Disease-modifying antirheumatic drugs prove most cost-effective in very early RA

Therapeutic strategies involving early conventional disease-modifying antirheumatic drugs or early biologics are preferred in treating very early rheumatoid arthritis, but the additional costs of early biologics may not be justified for all patients, according to a recent study reported in the Annals of Internal Medicine.

Key Points

Therapeutic strategies involving early conventional disease-modifying antirheumatic drugs (DMARD) or early biologics are preferred in treating very early rheumatoid arthritis (RA), but the additional costs of early biologics may not be justified for all patients, according to a recent study reported in the Annals of Internal Medicine.

The researchers analyzed the cost-effectiveness of very early intervention in RA using a model that examined radiologic progression with both reversible and irreversible dysfunction. Emerging research suggests that if RA is diagnosed and treated very early, long-term remission may be possible without the need for continuing treatment. Further, they note early treatment of RA with biologics may yield superior results when compared to treatment with conventional DMARDs in terms of hard outcomes, such as radiographic structural joint damage, but not necessarily in terms of disease activity.

The present analysis considered adults with very early RA, which was operationally defined as symptoms lasting less than 3 months in duration. An individual sampling model tracked the course of disease over time, with changes in important variables (principally radiographic joint damage and functional disability) at selected time points at which events (toxicities, treatment initiation, treatment discontinuation, or death) occurred. For US patients, an estimated lifetime costs and benefits was calculated and expressed as quality-adjusted life-years (QALYs) from both a healthcare provider and societal perspective.

Three models were chosen for analysis and hypothetical patient cohorts were tracked through them. The models were as follows:

1. The pyramid strategy in which initial nonsteroidal anti-inflammatory drugs, patient education, joint protection and therapeutic exercise, pain management, and low-dose corticosteroids are administered as needed, followed by DMARDs at 1 year for nonresponders.

2. The early DMARD strategy in which conventional DMARDs (such as leflunomide, sulfasalazine, hydroxychloroquine, or methotrexate) are given within 12 weeks of symptom onset.

3. The early biologic strategy in which very early use of biologics, defined as 3 sequential necrosis factor inhibitors, in combination with methotrexate, is employed.

In the pyramid and early DMARD strategies, patients initially receive conventional DMARDs; patients receive agents from the early biologic strategy if they did not respond to therapy with 3 conventional DMARDs, alone or in combination. It was assumed that the patients would follow 1 of 3 courses: drug-free remission, a mild course with slow disease progression, or rapid disease progression. Each patient's response to treatment was characterized as excellent (low residual disease activity), good, moderate, or none.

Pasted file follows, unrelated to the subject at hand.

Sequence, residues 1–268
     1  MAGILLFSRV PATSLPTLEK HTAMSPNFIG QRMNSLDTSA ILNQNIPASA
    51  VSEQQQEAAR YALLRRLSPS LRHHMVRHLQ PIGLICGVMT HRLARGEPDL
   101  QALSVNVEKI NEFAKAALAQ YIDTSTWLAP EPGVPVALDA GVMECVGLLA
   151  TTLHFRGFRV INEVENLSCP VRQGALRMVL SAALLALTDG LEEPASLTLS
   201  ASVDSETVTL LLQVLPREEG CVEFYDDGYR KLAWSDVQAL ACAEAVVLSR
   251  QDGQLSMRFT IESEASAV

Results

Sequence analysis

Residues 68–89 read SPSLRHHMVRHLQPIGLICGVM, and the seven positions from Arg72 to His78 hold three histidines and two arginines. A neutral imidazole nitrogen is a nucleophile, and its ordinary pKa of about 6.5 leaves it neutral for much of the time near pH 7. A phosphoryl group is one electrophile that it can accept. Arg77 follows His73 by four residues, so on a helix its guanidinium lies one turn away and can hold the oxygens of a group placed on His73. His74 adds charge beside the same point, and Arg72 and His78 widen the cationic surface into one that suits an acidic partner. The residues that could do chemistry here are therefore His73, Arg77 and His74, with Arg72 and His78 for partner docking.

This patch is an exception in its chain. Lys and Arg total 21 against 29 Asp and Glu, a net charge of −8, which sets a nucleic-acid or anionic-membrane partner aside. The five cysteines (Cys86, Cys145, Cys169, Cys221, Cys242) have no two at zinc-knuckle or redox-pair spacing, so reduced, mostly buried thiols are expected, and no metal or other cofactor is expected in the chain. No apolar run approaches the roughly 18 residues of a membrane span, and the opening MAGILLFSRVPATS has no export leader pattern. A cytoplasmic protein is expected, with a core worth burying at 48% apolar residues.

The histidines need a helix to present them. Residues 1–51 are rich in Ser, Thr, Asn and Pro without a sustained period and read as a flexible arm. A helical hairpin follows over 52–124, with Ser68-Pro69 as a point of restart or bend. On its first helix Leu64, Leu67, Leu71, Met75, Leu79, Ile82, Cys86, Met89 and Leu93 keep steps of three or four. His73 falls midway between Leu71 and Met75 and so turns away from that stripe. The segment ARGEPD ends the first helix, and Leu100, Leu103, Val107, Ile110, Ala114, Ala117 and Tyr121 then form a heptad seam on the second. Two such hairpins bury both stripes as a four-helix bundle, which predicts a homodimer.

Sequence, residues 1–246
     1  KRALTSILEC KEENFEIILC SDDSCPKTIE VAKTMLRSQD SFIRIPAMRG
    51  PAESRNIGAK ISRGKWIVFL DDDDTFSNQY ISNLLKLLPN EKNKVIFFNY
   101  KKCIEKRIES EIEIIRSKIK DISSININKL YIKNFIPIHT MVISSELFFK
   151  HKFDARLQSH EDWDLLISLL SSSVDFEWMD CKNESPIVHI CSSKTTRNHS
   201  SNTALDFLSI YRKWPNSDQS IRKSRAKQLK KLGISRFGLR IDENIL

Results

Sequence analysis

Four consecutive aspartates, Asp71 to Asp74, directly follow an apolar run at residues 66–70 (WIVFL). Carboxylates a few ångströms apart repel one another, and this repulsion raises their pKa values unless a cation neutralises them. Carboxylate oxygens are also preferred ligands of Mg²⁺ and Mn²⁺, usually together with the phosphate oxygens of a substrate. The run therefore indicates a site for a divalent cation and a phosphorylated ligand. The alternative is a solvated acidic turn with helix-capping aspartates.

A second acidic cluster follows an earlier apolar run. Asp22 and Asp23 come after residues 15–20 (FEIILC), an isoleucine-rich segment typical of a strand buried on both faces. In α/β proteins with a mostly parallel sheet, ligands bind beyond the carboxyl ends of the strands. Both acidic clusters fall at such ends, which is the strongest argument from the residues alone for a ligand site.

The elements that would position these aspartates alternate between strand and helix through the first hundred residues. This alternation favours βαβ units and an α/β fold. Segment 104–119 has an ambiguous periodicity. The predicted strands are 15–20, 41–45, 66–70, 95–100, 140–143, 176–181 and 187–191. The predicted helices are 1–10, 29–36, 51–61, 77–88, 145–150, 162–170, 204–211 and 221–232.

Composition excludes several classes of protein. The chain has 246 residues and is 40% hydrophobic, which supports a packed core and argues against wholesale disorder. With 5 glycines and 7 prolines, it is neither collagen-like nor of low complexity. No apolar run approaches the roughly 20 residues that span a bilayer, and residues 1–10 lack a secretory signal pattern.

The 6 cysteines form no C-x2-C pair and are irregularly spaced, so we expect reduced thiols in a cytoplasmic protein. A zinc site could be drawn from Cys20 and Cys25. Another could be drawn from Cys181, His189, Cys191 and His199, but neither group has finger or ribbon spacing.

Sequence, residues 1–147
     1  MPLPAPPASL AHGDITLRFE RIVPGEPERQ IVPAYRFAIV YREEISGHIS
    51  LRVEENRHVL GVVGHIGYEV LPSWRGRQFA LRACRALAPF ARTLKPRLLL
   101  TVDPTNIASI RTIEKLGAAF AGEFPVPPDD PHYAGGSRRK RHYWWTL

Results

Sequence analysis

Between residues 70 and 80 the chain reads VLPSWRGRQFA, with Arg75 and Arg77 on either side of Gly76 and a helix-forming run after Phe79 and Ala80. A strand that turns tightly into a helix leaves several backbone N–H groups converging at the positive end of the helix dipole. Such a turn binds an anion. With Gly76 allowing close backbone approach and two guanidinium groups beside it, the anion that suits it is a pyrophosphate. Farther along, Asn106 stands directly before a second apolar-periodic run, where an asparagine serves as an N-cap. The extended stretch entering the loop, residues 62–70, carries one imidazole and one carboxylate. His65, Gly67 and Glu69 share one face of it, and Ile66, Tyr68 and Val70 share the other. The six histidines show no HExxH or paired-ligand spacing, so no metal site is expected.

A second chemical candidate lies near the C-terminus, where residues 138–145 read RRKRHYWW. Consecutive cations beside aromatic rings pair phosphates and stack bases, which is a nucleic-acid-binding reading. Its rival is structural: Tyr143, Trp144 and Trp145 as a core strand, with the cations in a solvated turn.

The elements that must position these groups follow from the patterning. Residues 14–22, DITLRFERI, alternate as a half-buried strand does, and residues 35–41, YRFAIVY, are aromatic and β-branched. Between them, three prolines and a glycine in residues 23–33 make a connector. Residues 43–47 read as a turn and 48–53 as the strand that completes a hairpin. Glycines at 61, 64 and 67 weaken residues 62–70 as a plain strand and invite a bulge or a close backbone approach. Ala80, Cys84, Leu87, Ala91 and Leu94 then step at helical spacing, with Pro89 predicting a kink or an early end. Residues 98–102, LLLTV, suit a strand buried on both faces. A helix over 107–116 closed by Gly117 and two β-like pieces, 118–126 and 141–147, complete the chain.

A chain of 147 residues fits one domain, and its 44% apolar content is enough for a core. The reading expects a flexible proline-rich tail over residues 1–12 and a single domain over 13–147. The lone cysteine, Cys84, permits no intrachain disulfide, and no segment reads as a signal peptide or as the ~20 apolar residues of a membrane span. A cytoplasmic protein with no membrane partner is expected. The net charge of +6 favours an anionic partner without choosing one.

Treatment effects on radiographic progression were determined, and estimates of the QALYs for various health states were determined by using the mean health utility of each health state. Estimates were obtained for all medical and social care costs, including joint replacements, and unit costs for medications as well as outpatient and inpatient care.

Upon analysis, both the early DMARD strategy and the early biologic strategy increased quality-adjusted life more than the pyramid strategy. When the cost of very early intervention is factored in, the cost-effectiveness ratio of the early DMARD strategy is $4,849 per QALY (95% CI, $0 to $16,354 per QALY) compared with the pyramid strategy. The benefits of the early biologic strategy come at a substantial incremental cost although it offers the most benefit during the first 10 years. The model assumes that after this period, patients for whom the 3 biologics have failed would revert to conventional DMARDs, which are less effective in severe, established RA. Therefore, patients who followed this strategy had less benefit over time than patients following other strategies who began receiving biologics later in their disease course.

The researchers note that their results should be interpreted carefully. They point out that a limitation of modeling cost-effectiveness in RA is that extrapolations of long-term benefits are often made with little or no long-term data. They also assumed that a patient's disease cannot be predicted at outset and add that if treatments could be targeted to patients with severe progressive disease or those likely to respond, more benefit would be realized.

In conclusion, the researchers found early intervention with a DMARD may be an attractive economic option, given the future costs that would probably be saved (eg, through reduced long-term joint damage and subsequent surgery). Therefore, prompt initiation of conventional DMARD therapy for patients with very early RA is the most rational use of resources.

SOURCE

Finckh A, Bansback N, Marra CA, et al. Treatment of very early rheumatoid arthritis with symptomatic therapy, disease-modifying antirheumatic drugs, or biologic agents: a cost-effectiveness analysis. Ann Intern Med. 2009;151:612-621.